Participatory Natural Resource
Management Research: A New Integration Domain in the
Over the years, the focus of agricultural science has evolved. Some experts say this is because agricultural science is a “quasidiscipline”: research topics are not defined by the internal state of the field (as in physics or mathematics), but rather by problems defined outside of the field. Problems in real life are best solved through a multi-disciplinary approach. If new problems arise, different disciplines might be integrated to solve the problems.
The emergence of new domains depends on two critical factors: 1) an understanding of the interrelations between problems and the ability to deal with these interactions in the research methodology; and 2) public concern about major issues. Indeed the emergence of natural resource/ecosystem management (NRM) as a domain in international agriculture research is paralleled by the appearance of new tools and instruments for data storage and processing such as geographic information systems and modelling. At the same time, worries about food production and global hunger have been amended by an increased public concern about the rapid deterioration of the Earth’s ecosystems (particularly since the 1992 Earth Summit in Rio) and increasing levels of poverty.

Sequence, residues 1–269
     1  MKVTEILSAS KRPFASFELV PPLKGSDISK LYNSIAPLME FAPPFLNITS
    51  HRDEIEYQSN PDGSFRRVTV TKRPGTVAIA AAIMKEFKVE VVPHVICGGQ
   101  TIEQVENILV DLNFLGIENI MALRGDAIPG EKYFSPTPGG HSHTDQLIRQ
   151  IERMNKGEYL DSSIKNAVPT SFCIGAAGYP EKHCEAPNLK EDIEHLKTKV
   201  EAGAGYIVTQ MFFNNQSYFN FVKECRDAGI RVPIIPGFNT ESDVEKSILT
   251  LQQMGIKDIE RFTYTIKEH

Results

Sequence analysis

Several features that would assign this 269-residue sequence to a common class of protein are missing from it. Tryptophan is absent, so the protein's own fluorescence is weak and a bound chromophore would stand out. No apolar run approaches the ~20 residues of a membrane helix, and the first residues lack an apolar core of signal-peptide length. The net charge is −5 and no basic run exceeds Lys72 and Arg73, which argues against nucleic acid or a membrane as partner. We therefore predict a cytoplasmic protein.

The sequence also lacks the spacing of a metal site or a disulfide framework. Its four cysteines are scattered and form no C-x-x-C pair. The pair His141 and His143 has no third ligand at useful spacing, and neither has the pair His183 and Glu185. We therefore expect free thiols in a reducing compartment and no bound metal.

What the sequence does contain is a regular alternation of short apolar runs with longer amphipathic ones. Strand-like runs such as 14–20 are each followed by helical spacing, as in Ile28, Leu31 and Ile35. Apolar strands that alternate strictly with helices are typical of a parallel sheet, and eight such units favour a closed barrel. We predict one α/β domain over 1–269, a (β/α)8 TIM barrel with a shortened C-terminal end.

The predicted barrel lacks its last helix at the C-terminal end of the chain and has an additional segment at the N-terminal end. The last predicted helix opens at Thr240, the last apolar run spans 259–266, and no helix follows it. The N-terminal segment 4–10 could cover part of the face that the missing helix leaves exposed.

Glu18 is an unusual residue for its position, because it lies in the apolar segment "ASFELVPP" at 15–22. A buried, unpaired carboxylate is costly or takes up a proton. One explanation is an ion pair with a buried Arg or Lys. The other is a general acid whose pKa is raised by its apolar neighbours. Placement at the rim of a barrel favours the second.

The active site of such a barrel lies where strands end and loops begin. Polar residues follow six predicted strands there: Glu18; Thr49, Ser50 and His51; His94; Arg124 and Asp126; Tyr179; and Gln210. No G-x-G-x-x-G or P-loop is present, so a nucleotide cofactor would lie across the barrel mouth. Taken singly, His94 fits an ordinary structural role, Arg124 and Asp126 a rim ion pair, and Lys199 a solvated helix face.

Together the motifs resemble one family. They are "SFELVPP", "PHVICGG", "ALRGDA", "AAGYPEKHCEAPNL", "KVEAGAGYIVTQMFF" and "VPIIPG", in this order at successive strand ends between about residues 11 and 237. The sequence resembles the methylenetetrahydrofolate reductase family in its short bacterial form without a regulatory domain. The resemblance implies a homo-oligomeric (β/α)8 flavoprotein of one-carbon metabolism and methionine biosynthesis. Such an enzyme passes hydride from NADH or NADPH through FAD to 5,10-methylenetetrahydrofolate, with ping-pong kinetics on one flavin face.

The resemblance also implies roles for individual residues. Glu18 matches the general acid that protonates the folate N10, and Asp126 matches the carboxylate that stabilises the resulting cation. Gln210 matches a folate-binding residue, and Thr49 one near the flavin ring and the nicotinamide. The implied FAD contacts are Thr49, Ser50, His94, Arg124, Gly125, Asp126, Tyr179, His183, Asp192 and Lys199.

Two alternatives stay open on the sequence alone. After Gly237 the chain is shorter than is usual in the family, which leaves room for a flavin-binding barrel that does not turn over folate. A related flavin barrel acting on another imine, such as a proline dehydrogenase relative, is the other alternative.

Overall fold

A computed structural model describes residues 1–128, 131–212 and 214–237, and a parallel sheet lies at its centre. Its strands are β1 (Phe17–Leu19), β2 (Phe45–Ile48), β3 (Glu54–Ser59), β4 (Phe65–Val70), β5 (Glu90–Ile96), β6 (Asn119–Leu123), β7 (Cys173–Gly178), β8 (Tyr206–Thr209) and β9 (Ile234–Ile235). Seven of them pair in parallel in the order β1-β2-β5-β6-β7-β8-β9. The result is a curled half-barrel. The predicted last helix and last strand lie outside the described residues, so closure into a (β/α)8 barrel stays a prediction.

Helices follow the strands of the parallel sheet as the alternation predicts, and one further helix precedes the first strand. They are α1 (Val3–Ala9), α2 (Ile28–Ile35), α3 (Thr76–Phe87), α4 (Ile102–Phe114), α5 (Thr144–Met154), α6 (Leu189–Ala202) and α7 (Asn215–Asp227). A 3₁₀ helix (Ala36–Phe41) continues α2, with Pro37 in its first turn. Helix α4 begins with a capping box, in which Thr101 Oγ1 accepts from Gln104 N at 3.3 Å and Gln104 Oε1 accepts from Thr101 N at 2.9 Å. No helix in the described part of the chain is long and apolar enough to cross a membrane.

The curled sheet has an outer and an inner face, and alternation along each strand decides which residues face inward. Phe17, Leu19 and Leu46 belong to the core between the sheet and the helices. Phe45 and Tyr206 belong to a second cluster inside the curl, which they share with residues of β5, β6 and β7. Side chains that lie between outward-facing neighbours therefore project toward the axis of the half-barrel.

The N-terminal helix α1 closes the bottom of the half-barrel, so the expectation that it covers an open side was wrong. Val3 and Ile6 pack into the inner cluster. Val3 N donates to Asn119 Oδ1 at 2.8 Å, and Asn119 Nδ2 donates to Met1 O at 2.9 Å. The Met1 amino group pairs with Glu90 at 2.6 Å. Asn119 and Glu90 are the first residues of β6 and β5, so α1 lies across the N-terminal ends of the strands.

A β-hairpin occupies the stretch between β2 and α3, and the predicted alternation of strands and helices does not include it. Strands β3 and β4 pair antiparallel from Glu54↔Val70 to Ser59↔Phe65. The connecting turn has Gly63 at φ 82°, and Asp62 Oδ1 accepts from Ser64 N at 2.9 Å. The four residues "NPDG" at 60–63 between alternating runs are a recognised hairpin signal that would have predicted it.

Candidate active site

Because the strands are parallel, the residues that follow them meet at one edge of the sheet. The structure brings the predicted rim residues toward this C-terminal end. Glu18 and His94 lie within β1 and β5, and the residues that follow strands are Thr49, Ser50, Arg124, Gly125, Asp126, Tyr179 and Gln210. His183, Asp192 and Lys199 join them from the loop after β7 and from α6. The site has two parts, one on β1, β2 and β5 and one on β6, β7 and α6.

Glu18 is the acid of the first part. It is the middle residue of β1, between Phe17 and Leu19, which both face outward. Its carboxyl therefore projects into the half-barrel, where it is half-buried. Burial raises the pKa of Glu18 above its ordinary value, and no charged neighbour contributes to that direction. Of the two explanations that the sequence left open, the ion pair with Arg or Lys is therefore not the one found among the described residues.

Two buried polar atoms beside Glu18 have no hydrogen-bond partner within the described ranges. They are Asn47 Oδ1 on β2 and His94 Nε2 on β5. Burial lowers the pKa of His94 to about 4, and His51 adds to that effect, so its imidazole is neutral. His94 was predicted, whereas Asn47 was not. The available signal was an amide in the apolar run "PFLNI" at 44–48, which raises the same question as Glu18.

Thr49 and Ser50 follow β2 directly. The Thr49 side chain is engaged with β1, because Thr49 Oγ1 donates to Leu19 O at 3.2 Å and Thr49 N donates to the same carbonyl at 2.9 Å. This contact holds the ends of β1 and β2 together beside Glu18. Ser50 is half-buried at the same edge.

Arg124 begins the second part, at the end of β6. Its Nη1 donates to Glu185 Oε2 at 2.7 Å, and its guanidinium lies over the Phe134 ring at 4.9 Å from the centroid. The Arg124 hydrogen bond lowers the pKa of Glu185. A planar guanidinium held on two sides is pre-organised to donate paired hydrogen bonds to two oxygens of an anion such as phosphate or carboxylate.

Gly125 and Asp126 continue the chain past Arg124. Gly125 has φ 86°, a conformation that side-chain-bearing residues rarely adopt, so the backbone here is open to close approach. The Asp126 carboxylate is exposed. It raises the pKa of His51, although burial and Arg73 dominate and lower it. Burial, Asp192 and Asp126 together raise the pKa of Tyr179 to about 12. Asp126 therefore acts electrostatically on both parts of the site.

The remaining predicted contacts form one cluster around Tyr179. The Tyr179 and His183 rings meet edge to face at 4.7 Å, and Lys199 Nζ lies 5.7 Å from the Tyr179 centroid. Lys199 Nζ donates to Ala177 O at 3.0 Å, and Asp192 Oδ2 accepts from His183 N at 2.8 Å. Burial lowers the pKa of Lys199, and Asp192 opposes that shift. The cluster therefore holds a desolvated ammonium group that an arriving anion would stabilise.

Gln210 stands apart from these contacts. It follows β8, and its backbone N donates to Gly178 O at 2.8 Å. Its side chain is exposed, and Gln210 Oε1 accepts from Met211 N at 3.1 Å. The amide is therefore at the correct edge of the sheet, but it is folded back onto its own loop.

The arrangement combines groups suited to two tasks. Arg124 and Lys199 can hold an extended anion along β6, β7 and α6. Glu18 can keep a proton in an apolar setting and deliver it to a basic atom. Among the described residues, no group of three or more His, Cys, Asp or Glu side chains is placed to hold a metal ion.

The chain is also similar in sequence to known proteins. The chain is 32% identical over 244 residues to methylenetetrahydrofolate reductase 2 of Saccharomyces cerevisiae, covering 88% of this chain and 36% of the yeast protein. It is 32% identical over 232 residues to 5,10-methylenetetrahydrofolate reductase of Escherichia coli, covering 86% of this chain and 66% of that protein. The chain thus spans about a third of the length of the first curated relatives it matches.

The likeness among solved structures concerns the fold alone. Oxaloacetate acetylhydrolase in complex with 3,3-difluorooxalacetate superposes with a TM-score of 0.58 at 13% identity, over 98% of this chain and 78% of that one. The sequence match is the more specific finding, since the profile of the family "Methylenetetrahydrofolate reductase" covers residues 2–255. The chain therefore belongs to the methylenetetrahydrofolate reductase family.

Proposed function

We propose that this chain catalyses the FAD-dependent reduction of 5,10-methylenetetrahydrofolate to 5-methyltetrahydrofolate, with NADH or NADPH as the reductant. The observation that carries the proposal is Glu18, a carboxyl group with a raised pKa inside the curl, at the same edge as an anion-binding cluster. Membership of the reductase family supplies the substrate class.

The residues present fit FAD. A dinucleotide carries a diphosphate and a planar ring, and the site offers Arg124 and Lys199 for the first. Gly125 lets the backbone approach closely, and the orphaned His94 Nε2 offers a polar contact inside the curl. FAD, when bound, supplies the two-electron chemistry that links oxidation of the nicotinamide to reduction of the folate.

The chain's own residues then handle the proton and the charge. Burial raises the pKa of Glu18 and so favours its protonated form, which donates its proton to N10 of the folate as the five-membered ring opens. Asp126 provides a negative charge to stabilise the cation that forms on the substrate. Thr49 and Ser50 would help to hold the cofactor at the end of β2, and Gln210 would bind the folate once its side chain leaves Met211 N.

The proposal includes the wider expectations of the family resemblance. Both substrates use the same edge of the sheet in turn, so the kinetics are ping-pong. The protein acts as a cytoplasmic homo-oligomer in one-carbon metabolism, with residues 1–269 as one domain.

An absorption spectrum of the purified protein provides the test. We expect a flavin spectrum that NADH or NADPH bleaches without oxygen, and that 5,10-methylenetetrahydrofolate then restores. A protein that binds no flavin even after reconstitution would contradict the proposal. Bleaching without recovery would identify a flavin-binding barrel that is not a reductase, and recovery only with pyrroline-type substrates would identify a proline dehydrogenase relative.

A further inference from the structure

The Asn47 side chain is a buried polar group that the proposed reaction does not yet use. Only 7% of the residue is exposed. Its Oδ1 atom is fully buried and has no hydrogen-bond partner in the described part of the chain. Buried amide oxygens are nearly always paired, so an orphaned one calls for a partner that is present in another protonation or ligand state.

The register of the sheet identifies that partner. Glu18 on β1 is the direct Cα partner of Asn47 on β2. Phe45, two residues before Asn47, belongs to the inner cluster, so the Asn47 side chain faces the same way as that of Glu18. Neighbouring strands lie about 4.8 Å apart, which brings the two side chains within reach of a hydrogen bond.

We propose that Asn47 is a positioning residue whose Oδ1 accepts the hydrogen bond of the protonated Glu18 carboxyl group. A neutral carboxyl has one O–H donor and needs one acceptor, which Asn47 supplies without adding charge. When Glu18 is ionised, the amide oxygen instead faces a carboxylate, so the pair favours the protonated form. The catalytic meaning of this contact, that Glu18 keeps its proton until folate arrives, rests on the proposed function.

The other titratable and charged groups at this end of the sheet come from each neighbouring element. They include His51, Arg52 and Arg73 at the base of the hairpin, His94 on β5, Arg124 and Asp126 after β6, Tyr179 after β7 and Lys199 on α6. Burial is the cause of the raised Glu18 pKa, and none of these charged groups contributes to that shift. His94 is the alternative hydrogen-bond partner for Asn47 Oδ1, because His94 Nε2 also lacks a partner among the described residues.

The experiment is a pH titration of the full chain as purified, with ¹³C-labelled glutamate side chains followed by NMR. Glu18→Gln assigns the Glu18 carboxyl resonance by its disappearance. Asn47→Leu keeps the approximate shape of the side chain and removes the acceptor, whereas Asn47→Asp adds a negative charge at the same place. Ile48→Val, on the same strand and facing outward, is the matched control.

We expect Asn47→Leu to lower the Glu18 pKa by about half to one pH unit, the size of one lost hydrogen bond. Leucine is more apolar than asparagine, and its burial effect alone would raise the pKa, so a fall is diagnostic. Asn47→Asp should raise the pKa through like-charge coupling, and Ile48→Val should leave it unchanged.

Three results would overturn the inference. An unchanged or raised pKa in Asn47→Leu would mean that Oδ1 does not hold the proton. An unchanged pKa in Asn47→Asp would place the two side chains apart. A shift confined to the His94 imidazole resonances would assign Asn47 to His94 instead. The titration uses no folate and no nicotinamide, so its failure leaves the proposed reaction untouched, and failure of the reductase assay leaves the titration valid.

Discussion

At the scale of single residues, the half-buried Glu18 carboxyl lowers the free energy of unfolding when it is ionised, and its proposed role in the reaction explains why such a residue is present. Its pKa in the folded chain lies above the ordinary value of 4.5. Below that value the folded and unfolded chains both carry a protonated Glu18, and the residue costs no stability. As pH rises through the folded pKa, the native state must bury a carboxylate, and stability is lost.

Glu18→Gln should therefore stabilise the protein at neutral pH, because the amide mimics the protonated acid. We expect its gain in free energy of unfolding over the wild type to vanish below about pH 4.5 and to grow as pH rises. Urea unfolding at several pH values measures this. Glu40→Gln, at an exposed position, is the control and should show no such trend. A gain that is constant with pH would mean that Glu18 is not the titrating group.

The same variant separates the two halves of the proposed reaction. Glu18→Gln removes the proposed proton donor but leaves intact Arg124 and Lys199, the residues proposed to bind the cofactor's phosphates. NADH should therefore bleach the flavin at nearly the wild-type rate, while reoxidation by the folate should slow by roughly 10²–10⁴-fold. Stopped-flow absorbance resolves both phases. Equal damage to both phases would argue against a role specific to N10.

Probst, K. and J. Hagmann with
contributions from Fernandez, M.
and J. A. Ashby. 2003.
Research in the Context of Natural
Paradigms, Approaches and
Typologies. ODI-AGREN Network
Paper No. 130. http://